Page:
As usual, if you're serious about your online accounts' security and secure passwords, you need 1Password. The universal version, 1Password Pro -- which I recommend -- is only $14.99 on the App Store
Flipboard - The iPad App of the Year 2010 went through 2011 with a series of nice additions but mostly the same interface and social engagement schemes that we got to know last year. In Flipboard for iPad, you still get a magazine-like view for links your friends shared on Twitter or Facebook. However, the developers dramatically improved the way you can discover and filter content thanks to Sections, a handpicked selection of sources, lists and websites that you can access at any time from a panel on the right. In the past months, Flipboard gained new animations for switching between articles and sections as well as a refined HTML5 view for websites that have teamed up with Flipboard (such as Wired or AllThingsD), Google Reader and Instagram integration, font size control and Twitter support in iOS 5, and a better way to jump from "Flipboard view" to web view for websites that don't offer full articles in their RSS feeds.
Many apps have tried to offer their own take on "social reading" in the past year. It is Flipboard, with its integration with multiple services, elegant interface and beautiful typography that still manages to impress and represent everything that's great and innovative about reading on the iPad.
As the old makes room for the new, it's perfectly normal that there are some apps I mentioned last year I no longer use today. These are still good apps that thousands of people use, but they just don't fit in my workflow anymore. Spotify still isn't offering a native iPad client; iFiles has been mostly replaced by GoodReader thanks to its iCloud support and easy screenshot importing; I don't read many PDFs anymore, but when I do, I use iBooks. Other apps, like Twitter and Reeder, haven't received as many updates as I hoped they would, and I found alternatives that work better for me (I still love Reeder on my iPhone). And then again, software like Night Stand and Digital Post hasn't turned out to be the long-term winner I thought it'd be.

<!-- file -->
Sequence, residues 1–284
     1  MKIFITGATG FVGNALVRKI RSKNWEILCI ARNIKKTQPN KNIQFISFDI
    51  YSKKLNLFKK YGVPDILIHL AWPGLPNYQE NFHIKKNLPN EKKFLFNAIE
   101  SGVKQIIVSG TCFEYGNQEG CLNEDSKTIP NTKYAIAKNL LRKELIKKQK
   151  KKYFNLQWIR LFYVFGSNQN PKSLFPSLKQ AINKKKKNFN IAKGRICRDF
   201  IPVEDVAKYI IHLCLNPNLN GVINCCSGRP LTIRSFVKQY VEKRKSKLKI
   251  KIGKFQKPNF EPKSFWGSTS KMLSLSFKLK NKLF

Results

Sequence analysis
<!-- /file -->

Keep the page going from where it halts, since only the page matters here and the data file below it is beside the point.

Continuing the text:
But that's the great thing about the App Store: anyone can create a better app and sell it, and it's really up to you to find tools that work better and more reliably.
The Huge Update
Instapaper 4 - As I detailed in my review, the new version of Instapaper for iPad is a major improvement over the app that I reviewed (and loved) last year, shortly after the original iPad came out. Instapaper 4.0 -- available for iPhone and iPad -- takes Instapaper's original concept of "saving articles for later", enhances it, and gives it a whole new look to better fit the iPad's large screen both in portrait and landscape mode. Instapaper 4.0 for iPad doesn't strictly revolutionize reading -- after all, an article is just text no matter how you look at it -- but it brings a plethora of tiny changes and tweaks to improve how you manage your queue of articles, discover new content, and understand the words that you're reading. With Terminology integration and inline footnotes, you'll get instant definitions and a better way of reading footnotes without scrolling; the Friends and Editors tabs provide a fantastic way to discover articles liked and shared by your friends or curated from a selection of longform web material, respectively. The redesigned iPad "Read Later" list, whilst displaying less headlines than Instapaper 3.0, allows for better scanning of titles, easy management with Archive and Delete buttons, and faster refresh times.
This year's biggest and most important app update is Instapaper 4.0. Marco Arment has managed to take the iPad app -- already a fine piece of software -- overhaul its interface completely whilst retaining the main strengths of Instapaper. Instapaper is only $4.99 on the App Store.
Rdio - A few months ago, I started using Rdio and replaced Spotify as my go-to music streaming service for daily listening needs. I have to admit at the beginning I did so mainly out of curiosity -- Rdio was the cool service everybody from the States was talking about and I also saw a challenge in finding a way to use it from Italy (quick tip: gift cards). As novelty wore off, however, I was left with a rock-solid service that's right up there with Spotify in the top list of streaming solutions to access songs you don't actually own, for a fee. And as I kept using Rdio and enjoying every bit of it week after week, I somehow realized that it could be a better fit for my music habits and "social behaviors" than Spotify ever was. But I'll save my thoughts on the differences between Spotify and Rdio for a proper review. Unlike Spotify -- which has been around for longer and is available in more countries, whereas Rdio is US-only for now -- Rdio comes with a beautifully designed, easy-to-use native app for iPad. In fact, I'd say that the iPad client is better built and overall more accessible than Rdio's own iPhone app, which uses a pretty standard grid interface for navigation.